The Next Step for TU
It’s time again for Towson University to apply for the Carnegie Foundation for the Advancement of Teaching Elective Community Engagement Classification for the 2015 re-classification cycle. TU first applied for and received this classification in 2008 and was among 119 institutions to receive the newly created designation during that cycle. You can review TU’s 2008 application here.
The Community Engagement Classification is awarded to colleges and universities that show a strong commitment to community engagement across the institution. It requires applicants to complete an extensive review and document the institution’s mission and vision as it relates to engagement.
Deborah Elwell Arfken and Susan Ritz recently did a study on the effects of receiving the Carnegie Classification on universities in the Coalition of Urban and Metropolitan Universities (CUMU), of which TU is a member, and found that the classification has had many positive effects on the institutions receiving it.
- They found that universities who have received Carnegie recognition rated the impact of it a 3.7 on a 5.0-point scale, meaning that the classification had a moderate to very good impact on the institution.
- They found that the most positive effect was on institutional commitment (rated a 3.8), though all of the areas (outreach and partnerships, curricular engagement, and identity and culture) had positive ratings (Arfken & Ritz, 2013).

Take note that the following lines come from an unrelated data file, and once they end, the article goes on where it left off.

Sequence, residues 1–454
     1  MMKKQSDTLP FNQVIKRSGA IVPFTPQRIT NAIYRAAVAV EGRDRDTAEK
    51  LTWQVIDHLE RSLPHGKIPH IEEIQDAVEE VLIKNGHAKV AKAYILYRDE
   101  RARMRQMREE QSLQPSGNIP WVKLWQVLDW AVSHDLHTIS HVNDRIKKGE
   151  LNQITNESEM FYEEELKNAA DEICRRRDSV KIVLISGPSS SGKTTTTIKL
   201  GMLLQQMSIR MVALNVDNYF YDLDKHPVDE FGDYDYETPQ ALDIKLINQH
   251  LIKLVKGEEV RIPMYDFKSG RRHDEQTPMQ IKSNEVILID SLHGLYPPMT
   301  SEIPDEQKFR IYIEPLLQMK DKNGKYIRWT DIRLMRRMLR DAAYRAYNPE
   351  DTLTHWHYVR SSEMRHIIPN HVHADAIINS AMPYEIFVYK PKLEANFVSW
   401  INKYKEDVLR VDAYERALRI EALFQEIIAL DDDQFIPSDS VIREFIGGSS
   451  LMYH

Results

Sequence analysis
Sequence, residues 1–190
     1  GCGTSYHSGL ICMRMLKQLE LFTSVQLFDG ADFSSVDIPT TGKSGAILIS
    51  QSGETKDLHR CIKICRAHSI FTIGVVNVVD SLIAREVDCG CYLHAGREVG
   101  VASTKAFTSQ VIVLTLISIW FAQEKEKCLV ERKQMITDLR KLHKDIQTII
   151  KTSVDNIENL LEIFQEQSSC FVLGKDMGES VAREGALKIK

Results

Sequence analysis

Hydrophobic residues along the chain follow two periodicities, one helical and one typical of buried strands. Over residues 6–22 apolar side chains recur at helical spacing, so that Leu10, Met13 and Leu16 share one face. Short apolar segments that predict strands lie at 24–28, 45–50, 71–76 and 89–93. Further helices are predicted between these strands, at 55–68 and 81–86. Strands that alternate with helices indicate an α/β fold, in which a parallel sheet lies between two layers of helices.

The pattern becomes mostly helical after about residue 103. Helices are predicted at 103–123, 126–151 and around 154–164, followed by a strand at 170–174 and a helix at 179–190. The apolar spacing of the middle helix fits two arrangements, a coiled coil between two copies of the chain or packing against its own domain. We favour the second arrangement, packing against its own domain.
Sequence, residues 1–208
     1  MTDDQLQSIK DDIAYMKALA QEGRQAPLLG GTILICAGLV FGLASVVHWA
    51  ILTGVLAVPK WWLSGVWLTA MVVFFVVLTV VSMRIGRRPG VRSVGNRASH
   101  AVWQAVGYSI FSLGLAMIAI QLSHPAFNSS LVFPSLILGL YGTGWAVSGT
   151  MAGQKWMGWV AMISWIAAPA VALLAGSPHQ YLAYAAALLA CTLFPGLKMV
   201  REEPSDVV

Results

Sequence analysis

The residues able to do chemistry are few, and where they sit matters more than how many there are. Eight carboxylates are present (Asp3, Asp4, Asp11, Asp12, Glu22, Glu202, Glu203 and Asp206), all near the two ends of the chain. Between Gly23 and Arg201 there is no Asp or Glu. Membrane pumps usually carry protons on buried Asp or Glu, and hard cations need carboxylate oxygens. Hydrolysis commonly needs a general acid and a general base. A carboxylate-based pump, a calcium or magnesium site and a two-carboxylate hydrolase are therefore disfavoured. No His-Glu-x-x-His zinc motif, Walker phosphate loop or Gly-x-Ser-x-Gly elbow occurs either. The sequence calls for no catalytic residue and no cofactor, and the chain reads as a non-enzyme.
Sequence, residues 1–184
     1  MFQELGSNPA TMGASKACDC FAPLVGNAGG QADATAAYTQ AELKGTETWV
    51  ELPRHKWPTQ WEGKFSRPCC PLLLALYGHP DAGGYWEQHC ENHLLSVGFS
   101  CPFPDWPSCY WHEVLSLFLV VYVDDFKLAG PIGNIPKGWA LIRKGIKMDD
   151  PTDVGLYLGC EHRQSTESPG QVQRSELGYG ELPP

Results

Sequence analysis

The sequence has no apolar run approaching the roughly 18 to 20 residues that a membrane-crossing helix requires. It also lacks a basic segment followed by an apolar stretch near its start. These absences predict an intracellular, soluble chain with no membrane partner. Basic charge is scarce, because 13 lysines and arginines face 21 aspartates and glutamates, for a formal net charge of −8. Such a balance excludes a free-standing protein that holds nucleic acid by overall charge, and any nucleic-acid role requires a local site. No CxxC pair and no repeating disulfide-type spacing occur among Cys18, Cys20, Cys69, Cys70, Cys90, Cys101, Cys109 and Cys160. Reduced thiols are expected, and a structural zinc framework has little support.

The classification has certainly had positive effects on TU, as our efforts have continued to grow and strengthen since receiving it.
Because Towson is applying for the 2015 re-classification, we are expected to show how we have improved our community engagement efforts since 2008. Areas for improvement, as outlined by Carnegie in 2008, include assessment, partnerships, and faculty rewards. It should be noted that these areas were noted as “need improvement” for most institutions that applied in 2008, not just TU.
So how is Towson University approaching the 2015 re-classification process? We have already brought together a Baseline Working Group, whose main purpose is to evaluate those improvement areas to see what progress has been made. This group is chaired by our Vice President, Dyan Brasington and Vice President for Student Affairs, Deb Moriarty. I serve as the program manager and the group includes those individuals on campus who are most involved in community engagement.
Out of the working group, an Assessment Subgroup was formed and tasked with evaluating current assessment processes in place and developing an assessment tool to measure community engagement activities across the entire university. Currently, each unit does their own type of assessment, which makes it difficult to know everything that is happening across campus. The new centralized tool will make it easier to collect and evaluate information related to community engagement at the university level.
In September, the larger Comprehensive Application Committee will be brought together to actually begin filling out the re-classification documentation framework. This Committee, like in 2008, will include individuals from all areas across campus, to ensure we capture everything that is happening across this large, complex university.
This whole classification effort is helping the university evaluate its community engagement activities to see what we are doing well and what still needs work. Getting re-classified as a community engaged institution does not mean we are finished with our work. We will continue to grow and improve our efforts in the community.
We are optimistic about the 2015 re-classification process and will know in January 2015 if we have been granted the Carnegie Community Engagement Classification for the second time.